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The Argument Isn’t Skeuomorphic vs. Flat

You’re beating the wrong dead horse.

The Argument Isn’t Skeuomorphic vs. Flat

You’re beating the wrong dead horse.


If you see a post on Designer News about skeuomorphic design, flat design, or any comparison of the two, you’ll now see a “Beating Dead Horse” icon next to it. The topic is tired, and many of the arguments are a carbon copy of the last.

My problem isn’t that people are beating a dead horse - it’s what our internet-age society does best. It’s that they’re beating the wrong dead horse.

Many of the columns, posts, and tweets about these two styles of design tout one over the other; most simply try to point to a winner, as if is there is a battle to be won. According to much of the internet, flat design is the lion that you really don’t want to see when you’re thrown into the gladiator pit. But how can you pick a winner without a defined battlefield?

Design is about communication. It’s about helping clients to realize their goals through a design solution geared toward their questions, concerns, wants, and needs. These design solutions should be viewed through the lens of the context of the specific problem. Without a full understanding of the brief, any critique is superficial.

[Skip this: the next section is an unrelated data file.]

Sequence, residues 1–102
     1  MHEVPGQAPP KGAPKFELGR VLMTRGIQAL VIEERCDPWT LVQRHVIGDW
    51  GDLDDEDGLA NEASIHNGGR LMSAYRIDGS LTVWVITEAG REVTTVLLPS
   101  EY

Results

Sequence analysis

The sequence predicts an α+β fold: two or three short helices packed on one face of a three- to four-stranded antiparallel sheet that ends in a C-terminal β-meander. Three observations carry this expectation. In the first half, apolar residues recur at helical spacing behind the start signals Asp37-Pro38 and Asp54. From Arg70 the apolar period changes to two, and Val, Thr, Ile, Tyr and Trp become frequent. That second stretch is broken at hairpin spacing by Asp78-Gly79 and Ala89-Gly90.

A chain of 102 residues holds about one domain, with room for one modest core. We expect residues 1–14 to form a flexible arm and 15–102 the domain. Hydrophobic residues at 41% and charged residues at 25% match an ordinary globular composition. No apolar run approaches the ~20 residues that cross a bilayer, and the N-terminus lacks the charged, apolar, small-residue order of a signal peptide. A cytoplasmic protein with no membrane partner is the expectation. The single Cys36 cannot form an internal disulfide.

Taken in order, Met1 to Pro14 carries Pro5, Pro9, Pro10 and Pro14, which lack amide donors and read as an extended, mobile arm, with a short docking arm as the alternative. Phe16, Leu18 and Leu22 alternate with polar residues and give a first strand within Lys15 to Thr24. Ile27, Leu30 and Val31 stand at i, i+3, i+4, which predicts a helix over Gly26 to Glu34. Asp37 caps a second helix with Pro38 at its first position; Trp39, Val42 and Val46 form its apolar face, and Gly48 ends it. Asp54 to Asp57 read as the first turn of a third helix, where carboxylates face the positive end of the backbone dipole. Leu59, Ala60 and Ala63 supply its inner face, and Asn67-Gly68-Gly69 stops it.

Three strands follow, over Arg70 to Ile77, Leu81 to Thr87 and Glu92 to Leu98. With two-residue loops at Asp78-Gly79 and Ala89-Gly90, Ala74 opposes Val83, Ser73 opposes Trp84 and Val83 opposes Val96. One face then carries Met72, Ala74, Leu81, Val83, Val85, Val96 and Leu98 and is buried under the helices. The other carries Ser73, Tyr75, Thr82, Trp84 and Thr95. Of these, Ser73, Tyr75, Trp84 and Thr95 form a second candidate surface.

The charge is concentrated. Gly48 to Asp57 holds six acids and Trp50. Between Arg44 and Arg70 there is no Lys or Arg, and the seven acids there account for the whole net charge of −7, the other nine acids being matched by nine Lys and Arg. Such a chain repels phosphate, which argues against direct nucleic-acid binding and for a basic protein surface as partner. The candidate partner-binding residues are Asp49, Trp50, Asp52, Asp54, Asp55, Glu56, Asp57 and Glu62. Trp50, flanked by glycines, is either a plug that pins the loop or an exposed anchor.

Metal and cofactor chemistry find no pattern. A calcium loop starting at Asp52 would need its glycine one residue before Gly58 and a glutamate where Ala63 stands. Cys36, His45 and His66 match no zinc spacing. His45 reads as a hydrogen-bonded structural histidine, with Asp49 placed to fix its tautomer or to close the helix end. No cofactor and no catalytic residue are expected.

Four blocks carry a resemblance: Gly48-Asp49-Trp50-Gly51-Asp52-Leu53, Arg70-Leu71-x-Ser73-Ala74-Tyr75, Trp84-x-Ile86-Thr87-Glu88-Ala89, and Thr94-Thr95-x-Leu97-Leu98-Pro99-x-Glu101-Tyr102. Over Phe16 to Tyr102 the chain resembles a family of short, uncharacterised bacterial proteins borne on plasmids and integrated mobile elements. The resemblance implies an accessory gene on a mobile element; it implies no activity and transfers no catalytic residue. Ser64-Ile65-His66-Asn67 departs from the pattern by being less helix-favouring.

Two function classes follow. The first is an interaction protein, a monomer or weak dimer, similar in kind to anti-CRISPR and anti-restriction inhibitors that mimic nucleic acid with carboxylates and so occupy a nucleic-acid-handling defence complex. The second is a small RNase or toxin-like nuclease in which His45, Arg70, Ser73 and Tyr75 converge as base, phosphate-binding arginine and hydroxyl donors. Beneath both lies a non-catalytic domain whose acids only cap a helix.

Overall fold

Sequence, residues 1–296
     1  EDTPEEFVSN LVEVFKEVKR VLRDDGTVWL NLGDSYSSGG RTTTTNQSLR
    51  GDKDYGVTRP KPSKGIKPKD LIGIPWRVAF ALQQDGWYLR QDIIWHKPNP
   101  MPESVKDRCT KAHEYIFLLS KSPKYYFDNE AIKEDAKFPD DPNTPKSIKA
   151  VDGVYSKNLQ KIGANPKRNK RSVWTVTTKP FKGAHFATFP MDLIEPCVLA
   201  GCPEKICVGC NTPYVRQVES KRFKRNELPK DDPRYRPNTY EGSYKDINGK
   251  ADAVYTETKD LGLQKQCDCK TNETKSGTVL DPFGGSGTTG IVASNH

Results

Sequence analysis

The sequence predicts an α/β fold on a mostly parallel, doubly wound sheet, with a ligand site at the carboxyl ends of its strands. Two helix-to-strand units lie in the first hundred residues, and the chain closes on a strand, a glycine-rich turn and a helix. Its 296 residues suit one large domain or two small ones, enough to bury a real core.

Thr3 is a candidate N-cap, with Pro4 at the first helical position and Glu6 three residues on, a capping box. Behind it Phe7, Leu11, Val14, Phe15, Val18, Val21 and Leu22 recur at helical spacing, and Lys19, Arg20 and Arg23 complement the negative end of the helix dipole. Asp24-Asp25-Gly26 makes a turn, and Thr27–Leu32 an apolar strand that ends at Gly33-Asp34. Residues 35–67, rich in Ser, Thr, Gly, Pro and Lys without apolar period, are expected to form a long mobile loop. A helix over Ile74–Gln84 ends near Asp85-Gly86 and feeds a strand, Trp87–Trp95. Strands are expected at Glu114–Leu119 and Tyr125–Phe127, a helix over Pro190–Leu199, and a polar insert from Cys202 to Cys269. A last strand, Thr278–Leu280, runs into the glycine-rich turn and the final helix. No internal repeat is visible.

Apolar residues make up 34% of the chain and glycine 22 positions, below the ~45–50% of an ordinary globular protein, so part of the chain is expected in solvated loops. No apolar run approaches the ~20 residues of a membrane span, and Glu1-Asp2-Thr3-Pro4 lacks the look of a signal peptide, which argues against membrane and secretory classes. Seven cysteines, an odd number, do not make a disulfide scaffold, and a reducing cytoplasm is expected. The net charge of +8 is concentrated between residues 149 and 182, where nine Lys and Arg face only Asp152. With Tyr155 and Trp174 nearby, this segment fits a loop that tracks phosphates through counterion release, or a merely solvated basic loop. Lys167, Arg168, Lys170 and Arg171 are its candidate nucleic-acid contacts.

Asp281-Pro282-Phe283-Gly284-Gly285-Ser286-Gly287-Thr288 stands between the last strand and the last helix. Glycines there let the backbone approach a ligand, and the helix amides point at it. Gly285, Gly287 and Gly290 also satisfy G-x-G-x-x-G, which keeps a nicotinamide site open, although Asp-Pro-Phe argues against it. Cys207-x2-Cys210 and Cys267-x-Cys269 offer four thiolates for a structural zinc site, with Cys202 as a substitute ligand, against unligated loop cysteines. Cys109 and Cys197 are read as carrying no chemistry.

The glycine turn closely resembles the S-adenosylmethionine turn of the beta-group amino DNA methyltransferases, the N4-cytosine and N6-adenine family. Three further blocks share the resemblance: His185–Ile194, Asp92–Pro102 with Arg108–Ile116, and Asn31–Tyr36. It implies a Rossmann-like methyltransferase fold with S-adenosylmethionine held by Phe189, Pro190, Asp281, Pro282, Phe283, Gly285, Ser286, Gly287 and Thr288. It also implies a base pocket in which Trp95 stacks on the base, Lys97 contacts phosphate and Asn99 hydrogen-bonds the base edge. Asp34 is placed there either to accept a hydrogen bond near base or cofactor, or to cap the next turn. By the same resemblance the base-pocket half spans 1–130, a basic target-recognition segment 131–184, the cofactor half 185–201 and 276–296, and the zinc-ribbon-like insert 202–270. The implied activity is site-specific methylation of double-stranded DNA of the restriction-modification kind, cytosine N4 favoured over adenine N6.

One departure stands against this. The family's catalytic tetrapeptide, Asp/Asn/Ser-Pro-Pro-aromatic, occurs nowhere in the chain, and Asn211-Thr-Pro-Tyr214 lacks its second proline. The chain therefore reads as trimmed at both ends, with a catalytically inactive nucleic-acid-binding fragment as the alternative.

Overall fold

And that’s the problem. We have a gaggle of graphic designers focusing on all of the wrong things. In a world where more and more people are interested in the relationship between design and the internet, we’re teaching them to think that graphic design is nothing more than a style preference.

Instead, people should be case studying the hell out of Apple’s skeumorphic design or pointing out the reasons why Microsoft’s use of flat design advances their UI/UX goals. This helps to promote what people have been saying about graphic design for a really long time: it’s about the client, the context, the design problem. That there’s far more to graphic design than the style of the final product.

If graphic designers are going to beat a dead horse, this is the one we should be beating.